A dairy farming company has been fined $281,250 after a migrant worker was crushed by a trailer.
However, past research trials are giving vineyard operators confidence to adapt pruning timeframes and systems, says Bragato Research Institute (BRI) Viticulture Extension and Research Manager Len Ibbotson.
“I have had growers tell me that they were pruning before harvest finished, for the first time ever. It’s a great example where the results of past research were readily available for growers, in this case, reducing uncertainty where a change from normal practice was required.”
When New Zealand’s border closed due to Covid-19, BRI sourced relevant research for a fact sheet detailing options for early and later pruning, and around converting to a combination of mechanical and spur pruning.
The document includes findings that pruning cool climate Sauvignon Blanc immediately after harvest can extend the pruning season by as much as 25 percent. It also refers to Vineyard Ecosystems Programme trials showing spores for grapevine trunk diseases (GTD) are lower earlier in the pruning season.
“The findings show that you can prune in early autumn with no increased risk of GTD infection, if there are no rain events.” However, prompt protection of pruning wounds is still necessary, and sap flow may displace initial applications.
The fact sheet also looks at long spur pruning trials by Marlborough viticulturist Mark Allen, where a vine is barrel pruned then manually tidied, decluttered and trimmed, retaining two replacement spurs in the head. New Zealand Winegrowers, Wine Marlborough and the BRI also commissioned a video guide, with Mark demonstrating the techniques.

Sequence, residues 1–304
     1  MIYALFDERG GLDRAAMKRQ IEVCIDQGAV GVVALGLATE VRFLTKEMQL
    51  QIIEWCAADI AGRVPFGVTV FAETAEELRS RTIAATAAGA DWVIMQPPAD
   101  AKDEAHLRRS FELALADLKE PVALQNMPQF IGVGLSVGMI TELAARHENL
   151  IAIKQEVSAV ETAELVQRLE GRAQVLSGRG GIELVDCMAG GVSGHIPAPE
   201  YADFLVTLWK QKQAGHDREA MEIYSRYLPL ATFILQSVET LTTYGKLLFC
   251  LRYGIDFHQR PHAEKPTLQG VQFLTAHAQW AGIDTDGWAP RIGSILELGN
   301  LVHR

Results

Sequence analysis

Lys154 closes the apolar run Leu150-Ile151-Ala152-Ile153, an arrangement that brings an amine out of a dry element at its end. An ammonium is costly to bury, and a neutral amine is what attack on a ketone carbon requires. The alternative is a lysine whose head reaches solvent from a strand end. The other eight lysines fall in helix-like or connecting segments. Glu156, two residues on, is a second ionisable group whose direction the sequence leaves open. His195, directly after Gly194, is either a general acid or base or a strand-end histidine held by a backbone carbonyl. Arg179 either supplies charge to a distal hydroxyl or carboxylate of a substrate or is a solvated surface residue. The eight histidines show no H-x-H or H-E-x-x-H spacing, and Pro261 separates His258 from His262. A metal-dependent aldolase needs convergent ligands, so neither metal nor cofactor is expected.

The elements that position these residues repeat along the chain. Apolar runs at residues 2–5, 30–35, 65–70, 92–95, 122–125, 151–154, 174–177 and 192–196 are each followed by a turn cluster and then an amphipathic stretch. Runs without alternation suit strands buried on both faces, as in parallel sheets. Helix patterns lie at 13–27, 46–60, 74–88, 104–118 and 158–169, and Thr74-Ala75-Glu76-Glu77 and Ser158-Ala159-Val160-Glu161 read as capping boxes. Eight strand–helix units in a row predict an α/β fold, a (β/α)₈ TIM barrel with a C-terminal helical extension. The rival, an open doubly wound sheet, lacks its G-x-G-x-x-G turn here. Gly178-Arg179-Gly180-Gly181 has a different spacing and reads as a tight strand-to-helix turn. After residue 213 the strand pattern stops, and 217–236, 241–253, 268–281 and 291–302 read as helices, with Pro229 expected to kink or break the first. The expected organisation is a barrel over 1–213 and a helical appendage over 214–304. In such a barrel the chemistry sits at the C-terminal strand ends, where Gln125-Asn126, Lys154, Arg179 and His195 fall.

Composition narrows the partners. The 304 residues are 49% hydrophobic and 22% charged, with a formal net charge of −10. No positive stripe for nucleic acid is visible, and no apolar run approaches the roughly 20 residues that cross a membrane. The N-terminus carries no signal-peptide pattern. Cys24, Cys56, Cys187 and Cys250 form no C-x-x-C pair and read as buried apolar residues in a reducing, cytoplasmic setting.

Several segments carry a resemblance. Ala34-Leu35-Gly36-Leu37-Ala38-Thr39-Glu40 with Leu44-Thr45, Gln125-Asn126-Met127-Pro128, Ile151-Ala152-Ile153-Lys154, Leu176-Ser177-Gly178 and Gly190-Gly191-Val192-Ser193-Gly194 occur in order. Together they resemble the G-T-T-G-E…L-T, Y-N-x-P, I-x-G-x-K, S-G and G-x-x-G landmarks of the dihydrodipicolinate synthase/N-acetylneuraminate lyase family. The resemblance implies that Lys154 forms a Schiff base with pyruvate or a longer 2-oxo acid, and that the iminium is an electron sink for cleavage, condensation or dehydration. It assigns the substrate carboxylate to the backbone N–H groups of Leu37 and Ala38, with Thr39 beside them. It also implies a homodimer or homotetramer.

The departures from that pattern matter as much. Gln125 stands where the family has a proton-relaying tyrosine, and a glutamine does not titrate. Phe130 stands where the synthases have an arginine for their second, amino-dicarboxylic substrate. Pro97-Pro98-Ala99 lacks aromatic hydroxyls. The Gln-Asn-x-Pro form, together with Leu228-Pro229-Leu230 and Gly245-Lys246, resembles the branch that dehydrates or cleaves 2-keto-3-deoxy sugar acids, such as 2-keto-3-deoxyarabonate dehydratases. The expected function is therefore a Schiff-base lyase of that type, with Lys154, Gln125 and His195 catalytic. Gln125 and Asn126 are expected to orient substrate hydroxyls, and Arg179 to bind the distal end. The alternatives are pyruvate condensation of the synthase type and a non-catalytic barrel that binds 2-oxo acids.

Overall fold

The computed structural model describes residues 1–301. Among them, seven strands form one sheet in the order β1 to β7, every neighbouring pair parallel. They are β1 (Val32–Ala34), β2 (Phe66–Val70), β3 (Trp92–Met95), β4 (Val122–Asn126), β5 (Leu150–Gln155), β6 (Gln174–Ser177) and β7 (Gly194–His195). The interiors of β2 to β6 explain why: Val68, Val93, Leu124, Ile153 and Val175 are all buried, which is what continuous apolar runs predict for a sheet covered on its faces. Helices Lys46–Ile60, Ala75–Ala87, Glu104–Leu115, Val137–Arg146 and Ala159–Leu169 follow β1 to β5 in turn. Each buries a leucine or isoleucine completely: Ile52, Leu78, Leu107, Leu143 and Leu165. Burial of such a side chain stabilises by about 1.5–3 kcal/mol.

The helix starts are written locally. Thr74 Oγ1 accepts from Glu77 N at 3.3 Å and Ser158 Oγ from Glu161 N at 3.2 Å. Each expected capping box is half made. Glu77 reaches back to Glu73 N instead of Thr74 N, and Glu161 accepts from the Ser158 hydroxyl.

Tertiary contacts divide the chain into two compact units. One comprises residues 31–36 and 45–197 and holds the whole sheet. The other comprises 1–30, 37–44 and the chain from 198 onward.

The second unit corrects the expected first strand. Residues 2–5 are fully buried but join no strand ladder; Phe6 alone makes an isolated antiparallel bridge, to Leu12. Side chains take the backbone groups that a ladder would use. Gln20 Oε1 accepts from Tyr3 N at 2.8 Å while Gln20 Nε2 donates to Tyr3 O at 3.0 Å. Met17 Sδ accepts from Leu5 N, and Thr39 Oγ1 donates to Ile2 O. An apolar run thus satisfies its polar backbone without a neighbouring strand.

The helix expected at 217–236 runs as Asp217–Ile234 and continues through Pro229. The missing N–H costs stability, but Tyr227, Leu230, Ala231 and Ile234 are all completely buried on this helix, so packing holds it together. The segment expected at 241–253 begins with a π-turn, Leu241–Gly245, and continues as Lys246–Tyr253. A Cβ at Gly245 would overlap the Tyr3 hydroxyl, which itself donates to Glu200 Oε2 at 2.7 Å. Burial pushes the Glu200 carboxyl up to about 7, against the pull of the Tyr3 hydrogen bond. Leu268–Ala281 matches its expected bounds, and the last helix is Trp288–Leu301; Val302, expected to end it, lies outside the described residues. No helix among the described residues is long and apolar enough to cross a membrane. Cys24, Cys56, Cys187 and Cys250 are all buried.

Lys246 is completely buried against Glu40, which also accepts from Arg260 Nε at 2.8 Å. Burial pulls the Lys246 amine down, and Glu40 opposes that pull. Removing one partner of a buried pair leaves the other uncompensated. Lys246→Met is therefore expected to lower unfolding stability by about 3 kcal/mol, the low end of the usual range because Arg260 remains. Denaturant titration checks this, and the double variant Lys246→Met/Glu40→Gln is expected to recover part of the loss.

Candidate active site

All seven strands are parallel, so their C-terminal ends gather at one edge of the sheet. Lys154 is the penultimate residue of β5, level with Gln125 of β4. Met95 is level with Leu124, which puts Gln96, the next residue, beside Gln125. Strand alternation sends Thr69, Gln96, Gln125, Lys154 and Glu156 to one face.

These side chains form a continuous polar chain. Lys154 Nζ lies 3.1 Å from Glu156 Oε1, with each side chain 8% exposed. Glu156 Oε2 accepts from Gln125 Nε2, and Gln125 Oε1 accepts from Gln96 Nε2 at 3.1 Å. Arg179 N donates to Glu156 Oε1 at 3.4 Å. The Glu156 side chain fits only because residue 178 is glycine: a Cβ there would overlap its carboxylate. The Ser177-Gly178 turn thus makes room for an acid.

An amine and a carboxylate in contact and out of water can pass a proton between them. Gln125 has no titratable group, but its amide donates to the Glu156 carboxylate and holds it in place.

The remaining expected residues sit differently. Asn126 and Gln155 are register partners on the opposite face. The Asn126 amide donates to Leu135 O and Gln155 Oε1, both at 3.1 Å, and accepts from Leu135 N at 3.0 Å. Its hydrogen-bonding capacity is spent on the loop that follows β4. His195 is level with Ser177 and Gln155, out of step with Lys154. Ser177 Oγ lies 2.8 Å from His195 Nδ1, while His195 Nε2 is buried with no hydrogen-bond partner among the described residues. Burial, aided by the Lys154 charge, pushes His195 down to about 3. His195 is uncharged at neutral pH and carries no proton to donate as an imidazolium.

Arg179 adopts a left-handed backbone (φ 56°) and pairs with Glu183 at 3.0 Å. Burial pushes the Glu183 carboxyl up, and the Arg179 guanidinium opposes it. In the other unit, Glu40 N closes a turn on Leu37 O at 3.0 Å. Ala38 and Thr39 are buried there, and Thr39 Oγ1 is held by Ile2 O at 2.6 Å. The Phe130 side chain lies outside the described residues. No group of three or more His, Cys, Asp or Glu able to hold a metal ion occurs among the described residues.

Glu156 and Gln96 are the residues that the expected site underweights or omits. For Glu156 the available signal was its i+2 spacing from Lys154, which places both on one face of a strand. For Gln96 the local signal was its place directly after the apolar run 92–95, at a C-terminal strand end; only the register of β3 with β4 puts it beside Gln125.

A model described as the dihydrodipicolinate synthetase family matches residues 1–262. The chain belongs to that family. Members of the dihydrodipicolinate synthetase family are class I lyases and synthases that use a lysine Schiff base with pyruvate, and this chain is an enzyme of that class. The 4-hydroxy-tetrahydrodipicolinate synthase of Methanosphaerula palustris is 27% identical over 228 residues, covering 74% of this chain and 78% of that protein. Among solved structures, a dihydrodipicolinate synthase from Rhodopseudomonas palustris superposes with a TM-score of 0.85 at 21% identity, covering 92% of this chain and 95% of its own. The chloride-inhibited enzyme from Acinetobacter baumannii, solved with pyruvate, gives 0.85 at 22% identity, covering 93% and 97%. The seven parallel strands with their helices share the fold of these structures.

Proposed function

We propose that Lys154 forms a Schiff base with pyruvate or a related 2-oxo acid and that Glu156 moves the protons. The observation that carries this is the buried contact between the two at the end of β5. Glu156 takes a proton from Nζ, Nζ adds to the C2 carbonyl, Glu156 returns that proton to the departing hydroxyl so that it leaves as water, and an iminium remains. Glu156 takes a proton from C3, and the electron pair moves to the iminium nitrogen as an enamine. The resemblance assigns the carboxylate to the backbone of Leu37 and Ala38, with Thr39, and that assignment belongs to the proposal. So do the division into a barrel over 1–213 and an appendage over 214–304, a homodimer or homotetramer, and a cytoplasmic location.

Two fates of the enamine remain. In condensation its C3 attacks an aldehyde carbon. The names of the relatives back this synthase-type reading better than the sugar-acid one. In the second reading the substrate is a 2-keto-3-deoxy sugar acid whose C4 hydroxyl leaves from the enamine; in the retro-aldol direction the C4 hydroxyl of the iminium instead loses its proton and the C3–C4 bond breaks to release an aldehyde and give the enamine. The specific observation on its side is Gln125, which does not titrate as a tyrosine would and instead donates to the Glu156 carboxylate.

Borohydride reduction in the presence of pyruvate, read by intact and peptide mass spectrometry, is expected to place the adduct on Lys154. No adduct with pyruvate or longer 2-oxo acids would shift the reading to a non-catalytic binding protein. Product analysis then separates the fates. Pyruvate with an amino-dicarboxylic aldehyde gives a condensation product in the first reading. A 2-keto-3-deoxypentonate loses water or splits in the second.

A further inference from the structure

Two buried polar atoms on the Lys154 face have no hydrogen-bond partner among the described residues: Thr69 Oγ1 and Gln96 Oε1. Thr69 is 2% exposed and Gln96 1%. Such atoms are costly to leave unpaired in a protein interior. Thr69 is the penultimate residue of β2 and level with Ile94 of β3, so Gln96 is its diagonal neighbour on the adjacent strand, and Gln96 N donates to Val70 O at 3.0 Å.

Len says the pruning research put into action this winter is an important validation of the importance of research to viticulture. People are “playing around” with their own versions of early pruning, spur pruning conversion, and “looking for shortcuts along the way”.
There’s also been a lot more talk around mechanisation and converting to spur pruning, although less appetite for that amongst Sauvignon Blanc growers, says Len.
Getting in early
Berakah Vineyard Management began pruning Marlborough vineyards in mid-April, putting the company three weeks ahead of usual, despite labour constraints. “We are very confident we will finish our pruning on time or potentially a little earlier than in the past,” says Viticulturist Logie MacKenzie.
Berakah have tested early pruning over the past five years – “out of necessity on naturally wetter blocks” - by staging work on single blocks to ascertain impacts on bud burst, flowering and yields. The results of those trials – showing very little or no impact on Sauvignon Blanc bud burst or crop levels - gave them confidence to kick-start pruning just after Easter this year, as little as three weeks after harvest.
Covid-19 border closures locked experienced Recognised Seasonal Employer scheme (RSE) winter pruners out of the country, but Logie says the contract gangs they use were able to tap into summer RSE staff who stayed in the country and were able to move between the regions.
However, those unseasoned pruners, along with a new Kiwi workforce, are bound to be slower than the usual teams, he says. “It can take two to six weeks, or more, to get up to speed on pruning or wrapping, and longer to get fast and maintain quality.”
By 20 May, Berakah had cut and stripped 40 percent of its blocks, and was around 15 percent of the way through its wrapping programme. They had also managed the conversion to Klima stripping for a couple of clients, driven by the desire to save on labour costs. “That is becoming more and more prevalent as the minimum wage goes up,” Logie says, noting that the cost of conversion can be saved in the first year of Klima stripping, “saving money from year two”.